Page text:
(Michael) We needed a support band for our record release party, because everybody else we wanted to play with us, amongst them Tollwuet, couldn't make it. So, maybe a week before the gig happened, I asked Uwe if he wanted to play in Basel, and they said yes, so that was basically it. There weren't too many people showing up that night, unusual, as Phased always drew a pretty decent crowd in Basel. And even fewer people seemed to get into them, but I remember people asking me, when VS played St.Vitus' "Patra", if this was a Melvins song....but all in all most of them who saw them seemed to enjoy them.

(Uwe) From my side I would say that the second show was a lot better than the first one a week before. We still had a lot fault in playing but the feeling was right and we enjoyed it. The only problem was that my amp blew during the intro already and I've needed to change during the song into the Marshall from Chris (PHASED), but it worked out very quickly and very professional (oh yes!).

- The guys (Matze and Oliver from the band End of Green) who Uwe worked with on the first demo left the band under mysterious circumstances. Any comments on their departure?

(Uwe) They're both lazy and not reliable guys. At least in the things what I thought we needed it that way. To wait three times at a rehearsal and when no one shows up after an hour waiting, that's a shame. Also I don't have time to rehearse half an hour and talk 2 hours while drinking beer and smoke. I wanted to work. But that's the way they like it. I don't blame them, it's just not the kind of working I have in mind to be productive.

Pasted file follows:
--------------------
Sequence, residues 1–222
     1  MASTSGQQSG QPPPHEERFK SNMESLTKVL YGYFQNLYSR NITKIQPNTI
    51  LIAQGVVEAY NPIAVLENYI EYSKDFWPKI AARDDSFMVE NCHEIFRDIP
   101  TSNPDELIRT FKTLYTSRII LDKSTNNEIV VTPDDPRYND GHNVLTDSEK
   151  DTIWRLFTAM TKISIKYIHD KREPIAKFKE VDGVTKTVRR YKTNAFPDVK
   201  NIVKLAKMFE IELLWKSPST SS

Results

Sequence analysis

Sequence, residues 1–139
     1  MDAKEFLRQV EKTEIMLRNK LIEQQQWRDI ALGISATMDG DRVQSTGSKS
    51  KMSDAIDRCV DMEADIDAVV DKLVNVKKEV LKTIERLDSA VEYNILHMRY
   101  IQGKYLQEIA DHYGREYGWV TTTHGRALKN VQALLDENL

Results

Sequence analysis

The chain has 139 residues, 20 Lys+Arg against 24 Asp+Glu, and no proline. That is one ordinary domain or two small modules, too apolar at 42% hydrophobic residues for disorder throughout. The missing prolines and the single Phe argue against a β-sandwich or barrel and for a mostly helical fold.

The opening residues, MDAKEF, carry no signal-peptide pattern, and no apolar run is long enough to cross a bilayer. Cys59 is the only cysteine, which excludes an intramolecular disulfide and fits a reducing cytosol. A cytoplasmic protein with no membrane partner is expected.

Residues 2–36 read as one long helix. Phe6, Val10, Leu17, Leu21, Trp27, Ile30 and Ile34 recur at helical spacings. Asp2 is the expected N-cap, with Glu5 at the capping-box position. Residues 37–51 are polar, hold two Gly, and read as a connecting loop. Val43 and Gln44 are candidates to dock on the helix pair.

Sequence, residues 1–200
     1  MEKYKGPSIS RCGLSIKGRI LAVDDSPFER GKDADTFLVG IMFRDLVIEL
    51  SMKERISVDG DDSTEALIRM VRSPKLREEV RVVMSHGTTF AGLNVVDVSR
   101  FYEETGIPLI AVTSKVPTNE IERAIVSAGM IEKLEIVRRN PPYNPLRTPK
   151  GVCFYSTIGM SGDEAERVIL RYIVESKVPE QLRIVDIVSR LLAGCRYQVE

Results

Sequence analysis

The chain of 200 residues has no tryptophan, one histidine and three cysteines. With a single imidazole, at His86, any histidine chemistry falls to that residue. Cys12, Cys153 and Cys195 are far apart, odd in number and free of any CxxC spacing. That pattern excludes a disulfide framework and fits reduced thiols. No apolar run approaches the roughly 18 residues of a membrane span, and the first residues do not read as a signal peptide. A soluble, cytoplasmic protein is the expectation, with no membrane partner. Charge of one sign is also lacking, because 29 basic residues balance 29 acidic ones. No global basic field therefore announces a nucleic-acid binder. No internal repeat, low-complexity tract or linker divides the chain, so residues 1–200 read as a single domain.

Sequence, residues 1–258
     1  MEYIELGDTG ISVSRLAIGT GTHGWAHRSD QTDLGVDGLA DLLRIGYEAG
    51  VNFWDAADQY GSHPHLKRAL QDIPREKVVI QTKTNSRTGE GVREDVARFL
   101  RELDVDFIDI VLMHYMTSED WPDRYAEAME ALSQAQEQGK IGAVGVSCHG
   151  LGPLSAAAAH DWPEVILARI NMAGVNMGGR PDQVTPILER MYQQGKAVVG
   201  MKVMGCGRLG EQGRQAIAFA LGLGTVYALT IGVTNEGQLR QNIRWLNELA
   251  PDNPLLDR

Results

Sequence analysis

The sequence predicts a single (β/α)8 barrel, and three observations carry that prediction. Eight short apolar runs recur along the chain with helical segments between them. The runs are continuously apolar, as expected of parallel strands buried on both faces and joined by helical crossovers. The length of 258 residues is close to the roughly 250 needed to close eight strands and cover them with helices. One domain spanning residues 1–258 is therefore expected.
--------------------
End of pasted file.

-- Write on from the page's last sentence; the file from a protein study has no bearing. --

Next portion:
- After Michael and Specky joined Voodoo Shock there were a couple of rehearsals hold in Basel. How were they, and how long did you jam before going into the studio to record the album?

(Michael) First of all, we didn't join him, he rented us, he has to pay us huge amounts of money, that's why he and his family moved to a one-room flat now..... Basically we jammed for two weekends. The first weekend it was Friday night, Saturday and Sunday, and we did six or seven songs already. The second one we had Saturday and Sunday and did like three or four more songs and practiced the set. These two weekends were amazing as already after a few chords into the first song we did, "Fountain Of Freedom", we felt that this was just the right chemistry. Of course it was relatively easy to practice the songs, because Uwe sent demoversions beforehand, and we also had to change surprisingly few of the arrangements, but it went that well that we were left with astonishment on our faces. So for the following weekend, we were ready to record the basic tracks.

(Uwe) That's why I rent my guitars for weeks and I'm not able to play a single note, because they both were too expensive. Now I have something to eat again at home…

- When and where did you record the songs, who was the producer and what kind of best and hard parts come to your mind when remembering on the recording sessions?